Thanks to a wonderful nomination package prepared by the SPARC BC (Social Planning and Research Council of British Columbia), Darrell and I had the pleasure of attending the YWCA Women of Distinction Awards on Wednesday evening at the posh Westin Bayshore in downtown Vancouver.
In part of the 11-page nomination package, SPARC BCâ€™s Communication Manager Lindsay Hindle wrote:
Her â€œgo for itâ€ personality filters down to all people, with or without disabilities. Glenda embodies technology. Not only does she lead the way in finding what new technology is out there, but she shares what she learns through her presentations, interactions with others, in her book, and on her website. Technology is such a critical aspect of her life as it has opened new doors of communication. Her blog that she maintains inspires the community by letting her readers in her daily life living with a physical disability and severe speech impairment. Through her blog, she educates people on creative opportunities of how to work through the barriers that some communities place on people with disabilities.â€¦There is room on her site to open up discussion about these issues under a warm and welcoming environment so that barriers can be confronted and broken down, resulting in an increase of people with disabilities participating in community life.
Isnâ€™t Lindsay marvelous with words!
Following the advice from the brilliant Liz Strauss, who is definitely a Woman of Distinction herself and who told me to â€œTell your story and get out your message by talking about them…not you,â€ I prepared my 1-minute acceptance speech. Unfortunately I did not get to use my speech Wednesday evening; I was not the award recipient in the Community Building category. Instead, Iâ€™d like to share it with you, my community. Feel free to have a listen or a read below:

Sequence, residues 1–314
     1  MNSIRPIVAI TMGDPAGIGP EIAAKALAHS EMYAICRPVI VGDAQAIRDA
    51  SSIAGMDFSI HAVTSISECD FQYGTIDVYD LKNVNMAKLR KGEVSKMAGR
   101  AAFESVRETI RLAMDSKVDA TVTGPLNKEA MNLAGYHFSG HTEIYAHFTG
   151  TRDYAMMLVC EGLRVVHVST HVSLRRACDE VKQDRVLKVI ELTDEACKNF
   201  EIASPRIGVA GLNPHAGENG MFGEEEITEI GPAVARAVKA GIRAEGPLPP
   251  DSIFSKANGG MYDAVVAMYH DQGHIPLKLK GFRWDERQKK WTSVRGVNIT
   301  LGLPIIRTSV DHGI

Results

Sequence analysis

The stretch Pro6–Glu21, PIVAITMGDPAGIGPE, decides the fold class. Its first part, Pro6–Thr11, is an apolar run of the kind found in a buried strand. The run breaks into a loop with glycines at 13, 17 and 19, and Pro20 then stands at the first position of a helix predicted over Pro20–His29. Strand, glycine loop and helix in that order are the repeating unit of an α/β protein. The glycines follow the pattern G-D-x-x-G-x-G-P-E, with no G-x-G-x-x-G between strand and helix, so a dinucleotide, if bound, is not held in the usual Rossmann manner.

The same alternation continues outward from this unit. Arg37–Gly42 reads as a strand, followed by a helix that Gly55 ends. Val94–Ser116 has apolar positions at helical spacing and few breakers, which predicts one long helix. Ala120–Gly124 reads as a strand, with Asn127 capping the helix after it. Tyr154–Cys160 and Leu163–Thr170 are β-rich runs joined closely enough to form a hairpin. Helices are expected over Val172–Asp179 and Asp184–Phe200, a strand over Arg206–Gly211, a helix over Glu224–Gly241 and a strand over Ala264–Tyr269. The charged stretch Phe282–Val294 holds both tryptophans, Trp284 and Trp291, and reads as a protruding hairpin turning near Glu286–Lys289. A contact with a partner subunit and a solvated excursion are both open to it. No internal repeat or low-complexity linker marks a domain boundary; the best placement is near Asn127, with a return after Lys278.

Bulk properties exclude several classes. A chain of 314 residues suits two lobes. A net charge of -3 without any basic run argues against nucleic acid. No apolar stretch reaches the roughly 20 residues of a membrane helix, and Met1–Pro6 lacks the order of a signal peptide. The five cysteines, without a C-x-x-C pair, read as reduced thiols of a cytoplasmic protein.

I would like to thank the Social Planning and Research Council of BC for the kind nomination and the YWCA for the honour.
I have learned three lessons about community building from all of you. First, that we all have causes we are passionate about; for me, its building an internet accessible to all. Second, when building a community centered on our passion, we have challenges to solve and goals to reach for. My challenge is getting people to understand the importance of an accessible internet. Lastly, building a community is not accomplished by one, but rather by working together and supporting each other’s strengths. Having enthusiastic supporters for web accessibility is such a blessing!
For these lessons, I thank you all.
Earlier that afternoon, after I had boarded the Skytrain to downtown, a TransLink staff reached around from the doorway and handed me a white rosebud. I have no idea why. Something in that moment moved him to do so. Although being an award recipient would have been quite an honour, sometimes its the small recognitions that are most meaningful.
Smile! You never know when a stranger may hand you a rose for being who you are.If you enjoyed this post, consider buying me a chai tea latte. Thanks kindly.